Alzheimer’s disease was identified in 1906. Medical science can’t identify the cause, has few treatments, no cure and struggles to diagnose it.
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“It’s the sixth leading cause of death and we can’t even diagnose it without an autopsy,” said Wanda Demarest, who runs the county Senior Day Care Center in Placerville.
The Alzheimer’s Association estimates that 5.2 million Americans older than 65 had Alzheimer’s Disease in 2012. That number is expected to hit 6.7 million by 2025. Barring a medical breakthrough, research cited by the association projects that 11 million to 16 million Americans will be living with Alzheimer’s by 2050.
Data on the prevalence of other non-Alzheimer’s dementias is unclear, but the total cost of caring for Americans suffering from dementia last year is not: $200 billion.
Medicare and Medicaid picked up 70 percent of the cost, but Americans spent $34 billion out of pocket on health care for those with dementia, according to the research cited by the association.
One reason the cost is so high is that roughly two-thirds of those diagnosed with some form of dementia reside in nursing homes at an average annual care cost of $69,066, compared to $25,804 for those who stay home.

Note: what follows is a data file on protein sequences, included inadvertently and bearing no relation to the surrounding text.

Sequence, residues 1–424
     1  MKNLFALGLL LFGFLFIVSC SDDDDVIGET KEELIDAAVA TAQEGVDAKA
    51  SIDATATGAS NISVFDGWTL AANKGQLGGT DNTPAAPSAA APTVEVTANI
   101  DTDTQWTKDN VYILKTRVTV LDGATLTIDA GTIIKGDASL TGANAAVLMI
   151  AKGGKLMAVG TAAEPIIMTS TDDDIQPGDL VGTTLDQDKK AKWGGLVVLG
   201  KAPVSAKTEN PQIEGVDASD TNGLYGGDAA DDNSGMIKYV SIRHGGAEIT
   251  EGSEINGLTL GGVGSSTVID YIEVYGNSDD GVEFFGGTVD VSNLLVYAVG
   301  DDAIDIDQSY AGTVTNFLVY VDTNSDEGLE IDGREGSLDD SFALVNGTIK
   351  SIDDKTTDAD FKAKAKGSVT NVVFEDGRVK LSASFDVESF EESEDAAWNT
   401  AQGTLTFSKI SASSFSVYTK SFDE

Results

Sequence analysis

But those who stay home need help. Enter the caregiver.
The harsh economics of eldercare explain why more than 15 million Americans, mostly family members, are currently providing unpaid care for someone with dementia. California tops the list with 1.5 million unpaid caregivers.
These unsung healthcare heroes bear the physical, emotional and financial burden of guiding a loved one or friend through the uncharted water of dementia. Last year they provided an average of 21.9 hours of care each week, according to the Alzheimer’s Association.
Nationally, that adds up to 17.4 billion hours last year. At just over $12 per hour, that’s a $210 billion gift to our loved ones and the national healthcare system.
Demarest sees her Senior Day Care Center as a front line weapon in the battle against Alzheimer’s disease and other dementias. With an estimated tripling of the current Alzheimer’s caseload projected by 2050, the disease is clearly winning the war.